I have received your kind letter of March 29th, and the packet of pamphlets, and I pray you to accept of my best thanks for both. I sent you lately, by General Mansell, some of our rough matters. The boxes of books you sent by Captain Bernard, arrived safely, I know. You seem to suppose our coast in danger from African pirates. In this I presume you are deceived by the artifices of the London insurance offices, for we are in no more danger than the empire of China is. The great revolution in France is wonderful, but not supernatural. The hand of Providence is in it, I doubt not, working, however, by natural and ordinary means, such as produced the reformation in religion in the sixteenth century. That all men have one common nature, is a principle which will now universally prevail, and equal rights and equal duties will in a just sense, I hope, be inferred from it. But equal ranks and equal property never can be inferred from it, any more than equal understanding, agility, vigor, or beauty. Equal laws are all that ever can be derived from human equality. I am delighted with Doctor Price’s sermon on patriotism; but there is a sentiment or two which I should explain a little. He guards his hearers and readers very judiciously against the extreme of adulation and contempt. “The former is the extreme,” he says, “to which mankind in general have been most prone.” The generality of rulers have treated men as your English jockeys treat their horses, convinced them first that they were their masters, and next that they were their friends; at least they have pretended to do so. Mankind have, I agree, behaved too much like horses; been rude, wild, and mad, until they were mastered, and then been too tame, gentle, and dull. I think our friend should have stated it thus. The great and perpetual distinction in civilized societies, has been between the rich, who are few, and the poor, who are many. When the many are masters, they are too unruly, and then the few are too tame, and afraid to speak out the truth. When the few are masters, they are too severe, and then the many are too servile. This is the strict truth. The few have had most art and union, and therefore have generally prevailed in the end. The inference of wisdom from these premises is, that neither the poor nor the rich should ever be suffered to be masters. They should have equal power to defend themselves; and that their power may be always equal, there should be an independent mediator between them, always ready, always able, and always interested to assist the weakest. Equal laws can never be made or maintained without this balance. You see I still hold fast my scales, and weigh every thing in them. The French must finally become my disciples, or rather the disciples of Zeno, or they will have no equal laws, no personal liberty, no property, no lives.
I am very much employed in business, and this must be my apology for neglecting so much to write to you; but I will be as good a correspondent as I can. I hope you will not forget your old friend. In this country the pendulum has vibrated too far to the popular side, driven by men without experience or judgment, and horrid ravages have been made upon property by arbitrary multitudes or majorities of multitudes. France has severe trials to endure from the same cause. Both have found, or will find, that to place property at the mercy of a majority who have no property, is “committere agnum lupo.” My fundamental maxim of government is, never to trust the lamb to the custody of the wolf. If you are not perfectly of my mind at present, I hereby promise and assure you that you will live to see that I am precisely right. Thus arrogantly concludes your assured friend.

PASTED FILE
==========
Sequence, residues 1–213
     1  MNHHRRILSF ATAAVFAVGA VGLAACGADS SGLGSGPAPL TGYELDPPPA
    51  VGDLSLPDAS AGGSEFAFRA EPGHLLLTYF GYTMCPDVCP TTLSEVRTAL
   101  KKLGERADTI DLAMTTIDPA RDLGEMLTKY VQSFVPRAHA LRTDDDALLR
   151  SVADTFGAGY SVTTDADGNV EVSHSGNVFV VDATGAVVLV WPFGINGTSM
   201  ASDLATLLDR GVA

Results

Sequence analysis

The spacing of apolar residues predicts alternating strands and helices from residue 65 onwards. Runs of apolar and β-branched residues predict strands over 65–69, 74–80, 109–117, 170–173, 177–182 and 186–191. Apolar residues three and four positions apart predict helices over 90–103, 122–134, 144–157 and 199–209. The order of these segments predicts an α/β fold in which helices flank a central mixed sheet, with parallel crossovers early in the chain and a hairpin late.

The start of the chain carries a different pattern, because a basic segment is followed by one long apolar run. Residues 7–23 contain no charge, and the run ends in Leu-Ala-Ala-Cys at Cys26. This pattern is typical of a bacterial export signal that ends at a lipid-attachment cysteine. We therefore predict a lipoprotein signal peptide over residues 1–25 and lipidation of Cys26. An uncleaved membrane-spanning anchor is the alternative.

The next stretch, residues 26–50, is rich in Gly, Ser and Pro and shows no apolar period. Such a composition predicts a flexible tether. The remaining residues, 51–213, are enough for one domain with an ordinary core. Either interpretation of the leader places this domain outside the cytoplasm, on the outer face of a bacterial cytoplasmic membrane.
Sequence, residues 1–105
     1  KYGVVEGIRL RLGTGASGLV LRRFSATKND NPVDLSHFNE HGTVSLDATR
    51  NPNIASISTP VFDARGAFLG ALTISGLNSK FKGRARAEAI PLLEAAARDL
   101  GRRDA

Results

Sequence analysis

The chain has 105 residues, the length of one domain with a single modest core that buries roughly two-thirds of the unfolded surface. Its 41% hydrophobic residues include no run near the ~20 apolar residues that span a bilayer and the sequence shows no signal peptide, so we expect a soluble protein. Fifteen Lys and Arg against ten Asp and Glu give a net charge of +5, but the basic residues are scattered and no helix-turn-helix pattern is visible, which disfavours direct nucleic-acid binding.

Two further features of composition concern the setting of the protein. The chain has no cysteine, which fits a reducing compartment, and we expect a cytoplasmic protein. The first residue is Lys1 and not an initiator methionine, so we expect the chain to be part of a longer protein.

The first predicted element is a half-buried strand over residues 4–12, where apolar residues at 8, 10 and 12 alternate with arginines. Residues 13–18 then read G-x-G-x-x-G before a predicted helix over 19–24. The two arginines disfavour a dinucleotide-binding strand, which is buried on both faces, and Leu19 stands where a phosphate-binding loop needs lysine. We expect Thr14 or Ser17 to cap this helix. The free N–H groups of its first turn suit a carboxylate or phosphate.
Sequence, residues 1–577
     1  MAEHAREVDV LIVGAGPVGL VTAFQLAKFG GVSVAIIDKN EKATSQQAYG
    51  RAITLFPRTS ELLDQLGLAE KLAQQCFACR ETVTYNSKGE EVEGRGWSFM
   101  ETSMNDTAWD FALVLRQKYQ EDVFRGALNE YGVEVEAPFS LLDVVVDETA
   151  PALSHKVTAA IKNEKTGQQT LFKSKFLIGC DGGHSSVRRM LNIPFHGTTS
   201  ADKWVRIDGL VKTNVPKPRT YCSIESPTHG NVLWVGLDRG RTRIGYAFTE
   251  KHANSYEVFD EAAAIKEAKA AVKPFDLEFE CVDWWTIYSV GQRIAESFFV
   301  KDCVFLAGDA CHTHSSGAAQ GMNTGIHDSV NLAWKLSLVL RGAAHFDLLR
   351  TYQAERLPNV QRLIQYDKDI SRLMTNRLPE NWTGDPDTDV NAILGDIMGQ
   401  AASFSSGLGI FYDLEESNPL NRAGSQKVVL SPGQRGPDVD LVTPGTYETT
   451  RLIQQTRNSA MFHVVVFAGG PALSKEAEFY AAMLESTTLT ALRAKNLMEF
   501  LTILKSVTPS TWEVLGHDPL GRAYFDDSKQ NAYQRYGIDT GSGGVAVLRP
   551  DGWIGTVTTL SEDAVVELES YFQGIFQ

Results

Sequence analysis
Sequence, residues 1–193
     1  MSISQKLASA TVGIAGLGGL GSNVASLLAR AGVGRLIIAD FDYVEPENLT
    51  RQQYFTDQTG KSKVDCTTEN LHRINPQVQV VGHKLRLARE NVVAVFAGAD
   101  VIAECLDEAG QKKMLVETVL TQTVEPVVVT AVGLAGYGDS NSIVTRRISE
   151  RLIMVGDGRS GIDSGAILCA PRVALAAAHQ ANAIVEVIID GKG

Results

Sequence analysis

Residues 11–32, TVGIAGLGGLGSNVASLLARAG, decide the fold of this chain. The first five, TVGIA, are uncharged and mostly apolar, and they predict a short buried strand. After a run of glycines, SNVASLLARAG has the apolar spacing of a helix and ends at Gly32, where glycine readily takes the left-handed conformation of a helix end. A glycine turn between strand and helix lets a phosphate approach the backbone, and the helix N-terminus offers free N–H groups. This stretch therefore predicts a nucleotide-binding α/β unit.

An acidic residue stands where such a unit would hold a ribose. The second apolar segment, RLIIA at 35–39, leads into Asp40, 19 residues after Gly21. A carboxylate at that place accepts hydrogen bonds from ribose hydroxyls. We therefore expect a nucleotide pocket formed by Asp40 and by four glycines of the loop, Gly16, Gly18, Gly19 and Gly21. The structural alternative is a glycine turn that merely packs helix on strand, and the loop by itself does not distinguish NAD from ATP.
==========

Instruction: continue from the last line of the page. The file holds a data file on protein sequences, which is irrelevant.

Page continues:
TO THOMAS WELSH.
New York, 13 September, 1790.
My dear Dr. Welsh,—
I received your letter before my departure for Philadelphia, but had not time to answer it. It is not probable that any special agents will be employed in the business you had in contemplation. The board consists of men who will study economy in that as well as in all other affairs committed to their charge, and therefore the loan officers or collectors, or some other known character, will have this additional duty annexed to him without any other reward than the honor of it, as I suppose. I have much satisfaction in finding my son in your family. What the conjunctions and oppositions of two such political planets may produce, I know not. Politics are bred in the bones of both of you; but your good example will teach him, I hope, to take politics by way of amusement or spectacle, without ever suffering their interference with your professions. I recollect the painful years I suffered from 1758, when I was sworn at Boston, to the year 1761, too perfectly not to sympathize with John. Do not let him flatter himself with hopes of a run of business, which is neither to be expected, nor would be beneficial. His business is to study and be constant to his office, and in court. Causes and clients will come soon enough for his benefit, if he does that. “My knowledge of the law cost me seven years’ hard study in that great chair,” said John Read, who had as great a genius and became as eminent as any man. “Attend to the study of the law rather than the gain of it,” said my master Gridley to me; and I recollect the precept with sufficient pleasure to recommend it to any of my sons. I can ill afford to maintain my sons at their studies, but I had rather do that than have them overwhelmed with a run of business, at first, which must put an end to their studies. If a father’s partiality has not deceived me very much, John is as great a scholar as this country has produced at his age, and I know he possesses a spirit that will not stoop to dishonorable practice or conduct. I am therefore perfectly at ease in my mind about his success. Whether his reputation spreads this year, or two or three years hence, is indifferent to me, provided his anxiety does not injure his health. I have seen too many flashing insects in my day glitter and glare for a moment, and then disappear, to wish that my sons may add to the number.
[1 ]On the Love of Country. This sermon was the occasion of Burke’s Reflections on the French Revolution.
[1 ]Letters from Barbary, France, Spain, Portugal, &c., in two volumes.